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By Chris Pewick. Nathan Martens, and Cassie Ulfe.

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Presentation on theme: "By Chris Pewick. Nathan Martens, and Cassie Ulfe."— Presentation transcript:

1 By Chris Pewick. Nathan Martens, and Cassie Ulfe

2 Magnetic Fields Defined by Our text, Conceptual Physics, as “The region of magnetic influence around a magnetic pole or a moving charged particle” This region can be manipulated and utilized to improve many different aspects of our lives. Such as, transportation, medical procedures, and even space travel.

3 Maglev Trains Maglev = Magnetic Levitation Three primary functions Levitation or suspension Propulsion Guidance

4 Maglev Trains First proposed by Bachelet in France and Goddard in the United States in the early 1900’s 1934 Hermann Kemper of Germany receives a patent for the magnetic levitation of trains 1970 Test runs are conducted 2004 Shanghai Maglev Transportation Development Co., Ltd. opens their maglev for public use

5 Maglev Trains Relieve traffic congestion Travel at speeds of 300 mph non-stop until destination Very safe Many redundancies are integrated into the system ensuring that the magnets continue to work The train has auxiliary wheel to start up that could provide a safe landing should the magnets fail How it works

6 Maglev Heart Transplant Terumo Heart, Inc. makes a transplant called a DuraHeart A heart transplant that uses similar technology as the maglev train

7 Maglev Heart Transplant The transplant uses a small paddlewheel-like component, called an impeller to propel the blood, this system runs more smoothly and gently than other heart transplants. The paddle is suspended inside the device by magnets Better prevents clots and blood cell damage which could cause internal bleeding DuraHeart

8 Maglev Heart Transplant Has been used in over 70 patients in Europe The first American to receive the transplant was Anthony Shannon on July 30 th, 2008 Connected to his failing heart to help pump blood

9 Particle Accelerators A particle accelerator (or atom smasher, in the early 20th century) is a device that uses electric and magnetic fields to propel ions or charged subatomic particles to high speeds and to contain them in well-defined beams The Large Hadron Collider (LHC) is the world's largest and highest-energy particle accelerator. It is expected to address some of the most fundamental questions of physics, advancing the understanding of the deepest laws of nature. Consists of multiple circles the largest of which is approximately 17 miles in circumference It is located along the border of Switzerland and France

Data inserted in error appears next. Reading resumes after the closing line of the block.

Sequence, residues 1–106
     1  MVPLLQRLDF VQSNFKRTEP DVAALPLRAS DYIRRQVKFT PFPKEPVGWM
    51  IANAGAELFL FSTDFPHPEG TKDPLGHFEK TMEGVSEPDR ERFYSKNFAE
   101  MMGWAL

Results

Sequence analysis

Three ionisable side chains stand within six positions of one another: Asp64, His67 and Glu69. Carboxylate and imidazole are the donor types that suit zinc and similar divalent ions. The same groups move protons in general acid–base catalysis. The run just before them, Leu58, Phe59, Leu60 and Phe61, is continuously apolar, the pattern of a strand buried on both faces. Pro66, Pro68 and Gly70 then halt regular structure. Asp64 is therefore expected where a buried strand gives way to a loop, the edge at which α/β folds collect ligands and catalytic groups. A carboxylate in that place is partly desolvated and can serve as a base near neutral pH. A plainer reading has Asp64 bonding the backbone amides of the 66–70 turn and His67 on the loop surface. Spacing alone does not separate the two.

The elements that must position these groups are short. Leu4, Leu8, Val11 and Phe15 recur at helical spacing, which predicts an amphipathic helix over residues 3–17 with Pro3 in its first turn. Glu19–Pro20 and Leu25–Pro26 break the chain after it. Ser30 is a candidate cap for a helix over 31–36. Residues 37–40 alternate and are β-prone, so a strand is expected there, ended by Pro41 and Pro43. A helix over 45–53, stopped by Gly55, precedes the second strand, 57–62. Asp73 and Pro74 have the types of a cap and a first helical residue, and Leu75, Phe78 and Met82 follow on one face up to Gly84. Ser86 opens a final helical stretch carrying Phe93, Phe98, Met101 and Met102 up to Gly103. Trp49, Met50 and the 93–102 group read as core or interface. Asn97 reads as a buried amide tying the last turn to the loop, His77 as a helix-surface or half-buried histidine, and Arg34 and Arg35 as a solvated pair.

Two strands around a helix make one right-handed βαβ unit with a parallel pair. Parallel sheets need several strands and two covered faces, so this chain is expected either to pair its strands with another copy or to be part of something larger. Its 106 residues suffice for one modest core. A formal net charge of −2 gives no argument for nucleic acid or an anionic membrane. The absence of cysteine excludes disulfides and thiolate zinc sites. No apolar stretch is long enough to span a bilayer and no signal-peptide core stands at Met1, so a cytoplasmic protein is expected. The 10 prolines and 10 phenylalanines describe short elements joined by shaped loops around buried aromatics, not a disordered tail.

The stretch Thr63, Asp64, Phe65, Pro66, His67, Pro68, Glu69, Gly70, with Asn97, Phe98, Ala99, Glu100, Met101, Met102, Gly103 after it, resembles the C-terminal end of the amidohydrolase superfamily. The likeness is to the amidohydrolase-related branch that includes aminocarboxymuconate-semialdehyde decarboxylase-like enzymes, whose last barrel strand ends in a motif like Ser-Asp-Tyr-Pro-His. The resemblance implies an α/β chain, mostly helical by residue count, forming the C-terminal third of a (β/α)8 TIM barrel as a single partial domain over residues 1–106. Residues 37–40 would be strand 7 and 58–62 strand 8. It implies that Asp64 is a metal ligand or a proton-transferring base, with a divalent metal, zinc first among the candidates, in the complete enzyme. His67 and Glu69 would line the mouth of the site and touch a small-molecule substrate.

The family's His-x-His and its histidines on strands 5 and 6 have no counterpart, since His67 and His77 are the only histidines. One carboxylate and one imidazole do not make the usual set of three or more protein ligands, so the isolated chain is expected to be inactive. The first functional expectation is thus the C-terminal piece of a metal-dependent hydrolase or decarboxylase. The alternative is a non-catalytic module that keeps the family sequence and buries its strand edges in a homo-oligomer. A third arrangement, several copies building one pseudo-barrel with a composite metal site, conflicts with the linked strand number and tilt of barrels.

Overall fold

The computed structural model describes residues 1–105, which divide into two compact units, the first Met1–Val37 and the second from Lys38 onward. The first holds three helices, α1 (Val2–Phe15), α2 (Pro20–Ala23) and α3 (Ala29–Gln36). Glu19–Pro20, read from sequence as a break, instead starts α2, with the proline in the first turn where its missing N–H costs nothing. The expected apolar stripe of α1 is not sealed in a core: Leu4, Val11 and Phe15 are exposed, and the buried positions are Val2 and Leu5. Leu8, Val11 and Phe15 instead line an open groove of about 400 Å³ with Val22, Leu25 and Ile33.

10 The Large Hadron Collider

11 Particle Accelerators The Large Hadron Collider was built by the European Organization for Nuclear Research (CERN) with the intention of testing various predictions of high-energy physics. It was built in collaboration with over 10,000 scientists and engineers from over 100 countries, as well as hundreds of universities and laboratories. The LHC accelerator was proposed in the 1980s and approved for construction by the CERN Council in late 1994 Digging began in 1998 and finished in 2003 Construction of the collider finished in 2008

12 Detectors like this one are placed on various points of the collider and measure and record data from the runs

13 Particle Accelerators Two beams of particles, propelled by magnets, travel at close to the speed of light with very high energies before colliding with one another They can attain speeds of just 3m/s short of the speed of light Studies and observations from the LHC could provide answers to questions regarding anti-matter, the big bang, mass of particles, additional dimensions and the string theory. They are guided around the accelerator ring by a strong magnetic field, achieved using superconducting electromagnets

14 Rocket Launch rails Using tracks similar to those used in maglev transportation rockets, shuttles and satellites could be launched into orbit

15 Rocket Launch Rails A full-scale, operational track would be about 1.5 miles long and capable of accelerating a vehicle to 600 mph in 9.5 seconds. Drastically reduce costs of launching into space Currently costs approximately $10,000 per pound to orbit payloads using rockets, with use of maglev technology this would go down to approximately $0.50 per pound

16 Conclusion Maglev technology is used in a variety of different ways Because of the high costs, it is very difficult to produce technology at such a sophisticated level. However, when this technology becomes commercialized, the prices could drop low enough for maglev technology to be used worldwide We believe that this technology will eventually produce a positive out-come for our global society

17 References equipment/maglev-train.htm equipment/maglev-train.htm transportation/maglev-technology.html transportation/maglev-technology.html caregivers/duraheart caregivers/duraheart

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